symptoms (Cantorna et al. 2000).
16
In GSD type I
  • Dietary restrictions
  • Metabolic derangements
  • Intestinal malabsorption
  • The current guidelines for GSD I do not
    recommend evaluation of vitamin D as part of
    routine follow up
  • Banugaria et al., Mol Genet Met, 2009
    Hypovitaminosis D in glycogen storage disease
    type I

17
PATIENTS and METHODS
  • PATIENTS
  • n 13
  • Ia/Ib 6/7
  • M/F 8/5
  • Median age 22 y, 7 mo
  • Range 8 30 y
  • METHODS
  • Every 4 6 months
  • Clinical evaluation
  • Nutritional evaluation
  • Laboratory analysis
  • DXA scans

18
RESULTS and DISCUSSION
Bone mineral density (BMD)
Reduced BMD in 69 of patients
19
RESULTS and DISCUSSION
BMD in GSD Ia/Ib
20
RESULTS and DISCUSSION
BMD and markers of bone turnover
21
BMD and metabolic control
RESULTS and DISCUSSION
22
Vitamin D status
RESULTS and DISCUSSION
Low 25(OH)D in 69 of patients
23
Vitamin D and BMD
RESULTS and DISCUSSION
pz taking supplements
24
CONCLUSIONS
Correlation between bone disease and metabolic
control
High prevalence of low 25(OH)D levels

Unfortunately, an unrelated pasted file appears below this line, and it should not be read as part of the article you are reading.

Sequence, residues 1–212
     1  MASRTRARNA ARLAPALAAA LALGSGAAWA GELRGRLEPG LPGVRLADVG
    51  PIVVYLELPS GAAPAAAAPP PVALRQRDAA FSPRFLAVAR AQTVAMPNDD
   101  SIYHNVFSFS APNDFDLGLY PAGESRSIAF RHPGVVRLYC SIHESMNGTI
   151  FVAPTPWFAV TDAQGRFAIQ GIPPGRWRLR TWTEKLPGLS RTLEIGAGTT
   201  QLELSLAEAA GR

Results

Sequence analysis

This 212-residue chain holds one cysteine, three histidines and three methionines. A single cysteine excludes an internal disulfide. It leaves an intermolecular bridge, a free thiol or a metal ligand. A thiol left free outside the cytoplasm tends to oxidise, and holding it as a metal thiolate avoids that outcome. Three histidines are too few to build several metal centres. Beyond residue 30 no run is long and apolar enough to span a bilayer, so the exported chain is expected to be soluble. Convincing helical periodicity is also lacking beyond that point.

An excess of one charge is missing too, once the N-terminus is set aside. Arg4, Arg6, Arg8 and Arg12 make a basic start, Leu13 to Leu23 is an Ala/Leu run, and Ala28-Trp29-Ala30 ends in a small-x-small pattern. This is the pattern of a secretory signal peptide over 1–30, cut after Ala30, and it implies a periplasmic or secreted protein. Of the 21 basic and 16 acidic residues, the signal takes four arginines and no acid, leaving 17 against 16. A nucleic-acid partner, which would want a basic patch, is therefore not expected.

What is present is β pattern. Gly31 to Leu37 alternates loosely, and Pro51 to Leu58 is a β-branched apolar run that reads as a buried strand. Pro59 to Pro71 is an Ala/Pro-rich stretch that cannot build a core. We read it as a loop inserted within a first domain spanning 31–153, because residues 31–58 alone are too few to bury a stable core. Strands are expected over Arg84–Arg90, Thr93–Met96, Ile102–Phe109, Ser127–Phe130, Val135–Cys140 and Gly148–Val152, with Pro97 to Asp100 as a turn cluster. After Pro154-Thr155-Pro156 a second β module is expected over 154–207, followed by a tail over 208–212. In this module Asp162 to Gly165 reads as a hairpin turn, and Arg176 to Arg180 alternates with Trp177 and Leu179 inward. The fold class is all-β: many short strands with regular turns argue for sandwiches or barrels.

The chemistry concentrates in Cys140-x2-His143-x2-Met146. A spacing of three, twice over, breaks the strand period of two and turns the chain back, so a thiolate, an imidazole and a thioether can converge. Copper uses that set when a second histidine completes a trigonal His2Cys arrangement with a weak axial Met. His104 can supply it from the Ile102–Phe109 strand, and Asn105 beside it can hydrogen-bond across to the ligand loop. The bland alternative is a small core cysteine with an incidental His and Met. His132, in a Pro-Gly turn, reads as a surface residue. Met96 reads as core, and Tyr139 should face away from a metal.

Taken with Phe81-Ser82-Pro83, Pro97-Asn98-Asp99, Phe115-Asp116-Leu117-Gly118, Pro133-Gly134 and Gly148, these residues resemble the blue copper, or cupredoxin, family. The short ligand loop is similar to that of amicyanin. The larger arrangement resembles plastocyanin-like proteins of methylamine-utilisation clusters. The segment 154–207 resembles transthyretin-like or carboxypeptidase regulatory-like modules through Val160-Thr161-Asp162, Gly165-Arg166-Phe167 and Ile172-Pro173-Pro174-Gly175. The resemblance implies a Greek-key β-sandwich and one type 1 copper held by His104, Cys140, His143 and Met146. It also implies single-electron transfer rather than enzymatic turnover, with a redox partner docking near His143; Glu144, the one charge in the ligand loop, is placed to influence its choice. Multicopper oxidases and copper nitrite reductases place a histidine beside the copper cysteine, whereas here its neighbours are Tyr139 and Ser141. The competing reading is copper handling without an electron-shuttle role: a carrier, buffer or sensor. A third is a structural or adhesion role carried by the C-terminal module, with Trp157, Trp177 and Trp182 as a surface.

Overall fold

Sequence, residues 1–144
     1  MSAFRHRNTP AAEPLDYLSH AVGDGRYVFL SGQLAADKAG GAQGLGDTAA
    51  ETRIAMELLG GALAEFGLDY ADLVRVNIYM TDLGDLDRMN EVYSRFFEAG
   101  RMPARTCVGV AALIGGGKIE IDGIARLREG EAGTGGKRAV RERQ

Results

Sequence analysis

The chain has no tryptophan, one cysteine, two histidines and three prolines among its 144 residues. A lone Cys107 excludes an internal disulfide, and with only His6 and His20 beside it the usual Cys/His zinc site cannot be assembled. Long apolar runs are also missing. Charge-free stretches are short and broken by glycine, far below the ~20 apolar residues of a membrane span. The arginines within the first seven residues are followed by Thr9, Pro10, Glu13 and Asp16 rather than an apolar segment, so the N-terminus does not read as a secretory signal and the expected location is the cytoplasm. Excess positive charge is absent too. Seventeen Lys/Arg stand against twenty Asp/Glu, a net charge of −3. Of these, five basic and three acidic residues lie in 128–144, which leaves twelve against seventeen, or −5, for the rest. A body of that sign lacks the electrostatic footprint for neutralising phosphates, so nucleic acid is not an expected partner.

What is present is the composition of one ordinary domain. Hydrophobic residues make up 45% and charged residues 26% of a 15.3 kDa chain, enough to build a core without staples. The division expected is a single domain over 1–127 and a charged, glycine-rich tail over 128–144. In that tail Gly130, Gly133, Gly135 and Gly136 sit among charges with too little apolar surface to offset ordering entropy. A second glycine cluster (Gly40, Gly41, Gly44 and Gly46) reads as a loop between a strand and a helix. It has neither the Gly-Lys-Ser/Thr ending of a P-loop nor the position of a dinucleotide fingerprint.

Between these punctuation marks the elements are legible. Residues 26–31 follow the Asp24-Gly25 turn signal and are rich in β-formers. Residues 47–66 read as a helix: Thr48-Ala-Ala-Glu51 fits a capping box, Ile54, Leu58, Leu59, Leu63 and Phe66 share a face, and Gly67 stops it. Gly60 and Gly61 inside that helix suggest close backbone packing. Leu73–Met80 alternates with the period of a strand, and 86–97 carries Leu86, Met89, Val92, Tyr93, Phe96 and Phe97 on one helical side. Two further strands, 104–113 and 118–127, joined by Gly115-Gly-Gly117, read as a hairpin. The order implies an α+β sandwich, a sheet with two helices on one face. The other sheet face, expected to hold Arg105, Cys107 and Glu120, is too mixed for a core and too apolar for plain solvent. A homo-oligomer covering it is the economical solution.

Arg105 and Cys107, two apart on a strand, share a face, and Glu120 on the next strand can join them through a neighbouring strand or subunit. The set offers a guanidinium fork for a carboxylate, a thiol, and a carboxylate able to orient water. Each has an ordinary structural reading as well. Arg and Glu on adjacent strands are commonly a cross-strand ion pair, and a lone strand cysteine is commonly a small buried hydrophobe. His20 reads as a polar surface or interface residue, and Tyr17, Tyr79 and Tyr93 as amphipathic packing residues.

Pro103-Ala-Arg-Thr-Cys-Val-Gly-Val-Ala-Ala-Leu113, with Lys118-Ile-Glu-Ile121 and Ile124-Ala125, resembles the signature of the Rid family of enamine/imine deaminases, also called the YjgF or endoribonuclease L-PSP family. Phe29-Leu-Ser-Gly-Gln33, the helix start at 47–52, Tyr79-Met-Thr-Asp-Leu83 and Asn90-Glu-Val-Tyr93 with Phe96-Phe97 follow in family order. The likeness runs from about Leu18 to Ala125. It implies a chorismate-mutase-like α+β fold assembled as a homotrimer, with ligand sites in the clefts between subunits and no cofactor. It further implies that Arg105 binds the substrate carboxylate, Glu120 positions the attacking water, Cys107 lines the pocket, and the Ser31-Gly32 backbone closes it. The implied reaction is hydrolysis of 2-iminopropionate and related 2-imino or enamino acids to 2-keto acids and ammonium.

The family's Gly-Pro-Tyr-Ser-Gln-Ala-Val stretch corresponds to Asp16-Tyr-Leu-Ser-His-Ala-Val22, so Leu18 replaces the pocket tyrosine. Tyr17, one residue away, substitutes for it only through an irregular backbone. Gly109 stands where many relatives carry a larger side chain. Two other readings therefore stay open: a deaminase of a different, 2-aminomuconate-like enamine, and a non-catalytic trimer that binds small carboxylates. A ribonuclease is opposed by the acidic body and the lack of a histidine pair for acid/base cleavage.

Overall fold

Low 25(OH)D levels despite supplementation
25
Correction of low 25(OH)D concentration - 1
  • Some or all of the following
  • encouragement of safe, moderate exposure of skin
    to ultraviolet light
  • appropriate increases in food fortification with
    vitamin D
  • provision of higher doses of vitamin D in
    supplements
  • Banugaria et al., Hypovitaminosis D in glycogen
    storage disease type I. Mol Genet Met, 2009

26
Correction of low 25(OH)D concentration - 2
  • 50,000 IU for adult patients (4,000 IU daily for
    children) of vitamin D2 once weekly for 8 weeks.
  • Maintenance dose 1000 IU vitamin D daily or,
    alternatively, 50,000 IU vitamin D every other
    week
  • Holick et al., Vitamin D deficiency. N Engl J
    Med 357, 266-281 (2007).

27
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28
  • Thanks for your attention!